As we got in the car, I handed the cash over to Robert and gave the 86 cents to James. We had lots to talk about on the way home. We figured the stubblebearded guy was going to walk away with over $6,000 in cash. We wondered how much money those women in the trailer handed out every day. The hundred dollar bills were going out that window like Monopoly money. And we resolved to keep a sharp eye out for more scrap in the days ahead. There is real good money to be made in scrap metal these days!


But that’s not the end of this story. Before we went home, we went to the mall. We were on a mission to spend that money.

Not long ago, Robert told me he figured every man needs four things: guns, carpentry tools, mechanic tools, and fishing equipment. I marveled at this wise observation when I heard it. He doesn’t want a cell phone or an i-pod or some electronic play equipment—my son wants to acquire tools. He is a chip off the proverbial block, that boy is.

I have, on numerous occassions, advised my sons to buy themselves a good set of sockets and ratchets and wrenches when they are young. I told them that if they do this, and they take care of the tools, they will serve them well for their whole life. I still have the Craftsman socket set I bought when I was 20 years old. Such tools are something of an investment. They can make you money and they can save you money (which is kind of like making money).

So it was that Robert decided months ago that he would buy himself a good set of Craftsman sockets and wrenches with the money he got from the scrap metal. And it turns out that you can buy a very good set of sockets for three hundred bucks. Robert traded a relatively small pile of scrap metal (free for the taking) for a 283-piece set of wrenches that should last him his lifetime.

Us guys had a lot of fun that morning. We made a good memory together. Maybe some day Robert will tell his sons this story. And maybe, when I'm dead and gone, and he is still using those wrenches, he will think back and remember the time we had. I like to think so.


Bethany said...

Great story. Thanks for sharing.

mark said...

When I was growing up in the Old West Mining town of Globe, Arizona[Billy the Kid once lived there}, we repaired the termite damaged kitchen floor of a old house my Dad owned. Under the floor, the support post was held up, by 3 old copper ingots, the old miner who had once lived there had put there. They became doorstops for several years, until my brother and I tried to take them to the recycle center. Well, I found out that I was NOT supposed to have such things from the Anaconda mines. It took awhile to get them to believe my story of where the ingots came from. "Ya, sure they came from under a house, buddy" But they were so heavy, we got a pretty penny from them. I wish I had kept one, they were great pieces of history.

Matthew said...

Scrap prices are sky high here in Michigan too. Not too long ago my uncle took some "short" steel in (over 1/4" thick and no longer than 24") and got $270 a ton.

Some other friends are taking their old junk vehicles to the scrap yard for $170 a ton--drive over the scales hand over the title and walk out with $170 a ton! The price of used cars (and farm equipment) is going way up. A lot of that kind of stuff is being cut up for scrap. It's kinda sad in a way, to see all that older equipment just go to be melted down.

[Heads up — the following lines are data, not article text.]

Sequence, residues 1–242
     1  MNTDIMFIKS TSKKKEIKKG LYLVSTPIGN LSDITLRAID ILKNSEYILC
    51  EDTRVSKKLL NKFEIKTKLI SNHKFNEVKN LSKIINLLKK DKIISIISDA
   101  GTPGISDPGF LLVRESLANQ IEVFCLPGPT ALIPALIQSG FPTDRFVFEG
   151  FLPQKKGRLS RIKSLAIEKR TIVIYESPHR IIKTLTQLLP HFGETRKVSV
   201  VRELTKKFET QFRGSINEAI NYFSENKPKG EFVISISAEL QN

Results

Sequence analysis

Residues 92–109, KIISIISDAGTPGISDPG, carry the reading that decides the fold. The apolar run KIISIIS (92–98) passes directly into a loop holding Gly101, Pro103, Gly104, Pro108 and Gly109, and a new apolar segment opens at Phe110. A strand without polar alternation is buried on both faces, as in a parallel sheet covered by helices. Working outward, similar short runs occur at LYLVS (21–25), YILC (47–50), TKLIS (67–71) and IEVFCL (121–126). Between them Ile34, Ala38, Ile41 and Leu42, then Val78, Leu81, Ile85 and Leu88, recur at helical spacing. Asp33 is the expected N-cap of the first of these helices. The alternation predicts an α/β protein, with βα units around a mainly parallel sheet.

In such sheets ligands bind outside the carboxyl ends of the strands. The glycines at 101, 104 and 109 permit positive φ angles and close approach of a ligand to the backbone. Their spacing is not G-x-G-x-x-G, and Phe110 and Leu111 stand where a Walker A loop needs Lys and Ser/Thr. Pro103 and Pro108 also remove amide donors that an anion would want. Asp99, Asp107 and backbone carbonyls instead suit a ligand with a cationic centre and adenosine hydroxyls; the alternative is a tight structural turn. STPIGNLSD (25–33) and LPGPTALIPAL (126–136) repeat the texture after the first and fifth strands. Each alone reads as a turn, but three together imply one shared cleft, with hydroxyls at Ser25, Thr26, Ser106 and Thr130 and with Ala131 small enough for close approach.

"Investing" in tools and such [guns :-)] is something I tend towards too. Makes more sense to me than buying five bucks of pop a day or whatever.

Hmmm, a Whizbang Socket Organizer...I'm sure that it will be convenient, practical, original and something almost everyone (who is handy enough to have enough sockets to need organizing) will be able to make (as soon as you come out with the plan book, of course!)

Here we're waiting on the bearings to come for the Plucker to finish that up, and I just bought the hardware and plywood for the Garden Cart. We're also wondering if you could share any more about the Compost Sifter.

Staying tuned in....


Big Dreams, Little Farm said...

scrap metal prices are so high because China is buying it all. I think it would be a tragedy to sell any scrap metal you could possibly use in the future, especially farm equipment, to China.


Anonymous said...

I live near Youngstown, Ohio. The value of scrap has gotten so good(bad?) that people are breaking into abandoned houses (the area was hit hard by the mortgage crisis) to steal the copper pipes out of the basement and walls!

Anonymous said...

Whenever you see someone else willing to pay more highly for something than you would pay for it then you should think through some basic economics, because it might be very important to your future. Sometimes someone else wants it more than you do because of personal choice, like they enjoy the color red but you don't. I don't think this is the case with the chinese and scrap metal. When it appears to be that they want it more then you due to basic economic forces, you need to consider whether or not they are deceived about its value, or you are. If there are a lot of them thinking it is worth much more than you do, then start examining your own presuppositions, because you may be the one that doesn't understand something.